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The home truths of public housing

The Grenfell disaster casts an ominous shadow over John Boughton’s forensic history of public housing

24 April, 2018 — By Allan Ledward

Flaxman Terrace, a small block of tenements over the road from the British Library, was opened by St Pancras Metropolitan Borough Council in 1908

SADIQ Khan is seen by many as an anomaly of public housing. The Mayor of London, a product of the Henry Prince estate in Wandsworth, is portrayed as a rare success story from places that, for many, have become shadowy ghettoes plagued by nefarious activities and “scroungers”.

John Boughton’s Municipal Dreams: The Rise and Fall of Council Housing examines how public housing mutated from being homes for the aspirational working class to dwellings of last resort.

Public housing was first built on a significant scale in the final years of the 19th century. After the Industrial Revolution created the first urban proletariat, often squeezed into overcrowded slums and exploited by private landlords, the insidious effects of disease and deprivation led to very Victorian concerns over spiritual wellbeing in such squalor.

Boughton traces the subsequent response from politicians, planners and architects, including cottage suburbs, high-rise towers and their “streets in the sky”, quick-fix prefabs built after the Second World War – designed to last 10 years, in London around 10,000 were still in use into the 1970s – New Towns and, of course, “Right To Buy”.

Thirty years after buying his five-bedroom council flat at a subsidised price of £39,000, and seeing its value rise to £600,000, a security guard living on the Whittington Estate reflects that, for him, Margaret Thatcher’s flagship housing policy was “perfect, just perfect”.

The Whittington is cited as one of a number of progressive public housing developments in the dynamic new borough of Camden. Designed by 20-something Peter Tabori in the early 1970s, its unorthodox stepped terraces were staggered and divided to make best use of a sloping site. The Alexandra Estate – called “the hanging gardens of Camden” by one critical Conservative councillor – was further evidence of Camden’s determination to innovate and resist standardised ideas. One of its 300-metre-long terraces backs onto the West Coast mainline, with a smart design that smothers the noise of passing trains.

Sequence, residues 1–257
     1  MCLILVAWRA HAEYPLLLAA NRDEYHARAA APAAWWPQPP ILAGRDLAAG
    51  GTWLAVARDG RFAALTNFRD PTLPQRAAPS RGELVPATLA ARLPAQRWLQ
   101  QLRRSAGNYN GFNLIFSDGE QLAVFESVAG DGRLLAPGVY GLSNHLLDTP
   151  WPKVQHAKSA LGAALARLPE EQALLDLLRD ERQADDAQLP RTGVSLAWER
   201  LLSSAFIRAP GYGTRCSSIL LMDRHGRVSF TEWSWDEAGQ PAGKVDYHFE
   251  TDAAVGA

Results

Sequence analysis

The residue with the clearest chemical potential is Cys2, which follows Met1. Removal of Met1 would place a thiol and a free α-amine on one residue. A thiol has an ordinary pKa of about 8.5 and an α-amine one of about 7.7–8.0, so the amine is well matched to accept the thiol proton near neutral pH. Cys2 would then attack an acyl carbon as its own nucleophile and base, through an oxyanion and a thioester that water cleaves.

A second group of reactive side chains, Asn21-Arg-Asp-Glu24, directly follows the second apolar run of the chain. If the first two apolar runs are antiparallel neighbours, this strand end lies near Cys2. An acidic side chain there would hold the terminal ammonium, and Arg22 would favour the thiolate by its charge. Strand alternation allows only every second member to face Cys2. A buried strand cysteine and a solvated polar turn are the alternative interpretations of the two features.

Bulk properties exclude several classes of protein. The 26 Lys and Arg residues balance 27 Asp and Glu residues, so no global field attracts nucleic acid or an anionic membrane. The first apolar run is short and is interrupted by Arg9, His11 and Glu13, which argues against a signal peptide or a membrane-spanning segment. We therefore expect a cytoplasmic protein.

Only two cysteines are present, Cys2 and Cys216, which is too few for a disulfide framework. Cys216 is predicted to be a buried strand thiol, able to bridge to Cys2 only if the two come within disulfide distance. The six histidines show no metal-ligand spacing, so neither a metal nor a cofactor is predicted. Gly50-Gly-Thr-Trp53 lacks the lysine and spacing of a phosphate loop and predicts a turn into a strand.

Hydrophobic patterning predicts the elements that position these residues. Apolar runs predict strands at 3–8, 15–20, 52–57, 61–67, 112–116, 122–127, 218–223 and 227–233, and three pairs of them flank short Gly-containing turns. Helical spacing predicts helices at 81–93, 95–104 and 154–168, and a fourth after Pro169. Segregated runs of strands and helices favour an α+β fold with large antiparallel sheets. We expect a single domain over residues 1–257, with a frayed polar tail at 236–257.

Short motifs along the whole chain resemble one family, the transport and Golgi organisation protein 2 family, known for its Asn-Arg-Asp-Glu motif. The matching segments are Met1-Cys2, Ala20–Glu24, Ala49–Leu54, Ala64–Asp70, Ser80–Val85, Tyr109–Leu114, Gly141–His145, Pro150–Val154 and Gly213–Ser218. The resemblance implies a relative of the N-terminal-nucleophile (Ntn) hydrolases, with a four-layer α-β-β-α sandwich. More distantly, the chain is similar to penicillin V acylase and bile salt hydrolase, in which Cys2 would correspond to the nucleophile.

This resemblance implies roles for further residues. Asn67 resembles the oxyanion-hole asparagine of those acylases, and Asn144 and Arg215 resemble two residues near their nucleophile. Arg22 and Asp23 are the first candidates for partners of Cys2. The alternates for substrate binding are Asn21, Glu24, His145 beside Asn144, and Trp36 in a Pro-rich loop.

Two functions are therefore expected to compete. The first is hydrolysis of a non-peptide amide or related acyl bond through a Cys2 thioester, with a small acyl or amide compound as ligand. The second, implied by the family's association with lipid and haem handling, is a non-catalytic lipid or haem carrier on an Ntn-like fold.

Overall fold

Early examples of public housing included Hampstead Garden Suburb, founded in 1906, where homes were set aside at a lower rent for working-class residents. Two years later, Flaxman Terrace, a small block of tenements over the road from the British Library (and still standing), was opened by St Pancras Metropolitan Borough Council.

Intended for the “submerged tenth” (the term of the time for what would later be called the underclass), many homes ended up in the hands of the better-off working class.

Art critic and social thinker John Ruskin was an early investor in London’s public housing, at a time when investors were promised a 5 per cent return from “model dwellings”.

Even in those days there was concern at government level over a “dependency culture”. Conservative Sir Richard Cross, who twice served as home secretary, in the 1870s and 1880s, insisted it was “not the duty of government to provide any class of citizens with any of the necessities of life, and among the necessities of life we must, of course, include good and habitable dwellings”.

More than a million council houses were built in the 20 years following the First World War, after prime minister Lloyd George pledged to create “homes for heroes” in his 1918 election campaign. The post-1945 construction scramble led to five million being built by 1981 after minister of health and housing Nye Bevan pledged to “start to solve, first, the housing difficulties of the lower income groups”.

Public housing, particularly over the past 40 years, has been exposed to government expediency, while the dreams of idealist architects have clashed with the brutal realities of finance and politics.

Ultimately, Boughton’s forensic history of public housing effectively sets the scene for the Grenfell disaster – and the subsequent Chalcots estate evacuation. The charred tower stands as a devastating symbol of neglect by successive governments and decades of those in need of state assistance being increasingly marginalised.

Municipal Dreams: The Rise and Fall of Council Housing. By John Boughton, Verso Books, £15.19


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